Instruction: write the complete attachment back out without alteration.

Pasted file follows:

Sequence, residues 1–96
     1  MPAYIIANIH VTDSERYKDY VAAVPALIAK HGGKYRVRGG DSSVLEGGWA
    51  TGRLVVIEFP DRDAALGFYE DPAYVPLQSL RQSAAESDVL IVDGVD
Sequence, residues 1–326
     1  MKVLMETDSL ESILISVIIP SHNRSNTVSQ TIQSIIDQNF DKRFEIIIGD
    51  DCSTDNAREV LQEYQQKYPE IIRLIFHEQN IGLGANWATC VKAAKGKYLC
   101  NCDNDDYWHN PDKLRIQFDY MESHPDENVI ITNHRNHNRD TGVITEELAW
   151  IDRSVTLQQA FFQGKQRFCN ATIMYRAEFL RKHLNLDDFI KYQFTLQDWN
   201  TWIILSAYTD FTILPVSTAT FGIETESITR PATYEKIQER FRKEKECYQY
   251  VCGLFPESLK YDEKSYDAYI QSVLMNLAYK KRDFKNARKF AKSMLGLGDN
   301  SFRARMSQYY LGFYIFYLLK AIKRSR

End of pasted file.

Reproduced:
Sequence, residues 1–96
     1  MPAYIIANIH VTDSERYKDY VAAVPALIAK HGGKYRVRGG DSSVLEGGWA
    51  TGRLVVIEFP DRDAALGFYE DPAYVPLQSL RQSAAESDVL IVDGVD
Sequence, residues 1–326
     1  MKVLMETDSL ESILISVIIP SHNRSNTVSQ TIQSIIDQNF DKRFEIIIGD
    51  DCSTDNAREV LQEYQQKYPE IIRLIFHEQN IGLGANWATC VKAAKGKYLC
   101  NCDNDDYWHN PDKLRIQFDY MESHPDENVI ITNHRNHNRD TGVITEELAW
   151  IDRSVTLQQA FFQGKQRFCN ATIMYRAEFL RKHLNLDDFI KYQFTLQDWN
   201  TWIILSAYTD FTILPVSTAT FGIETESITR PATYEKIQER FRKEKECYQY
   251  VCGLFPESLK YDEKSYDAYI QSVLMNLAYK KRDFKNARKF AKSMLGLGDN
   301  SFRARMSQYY LGFYIFYLLK AIKRSR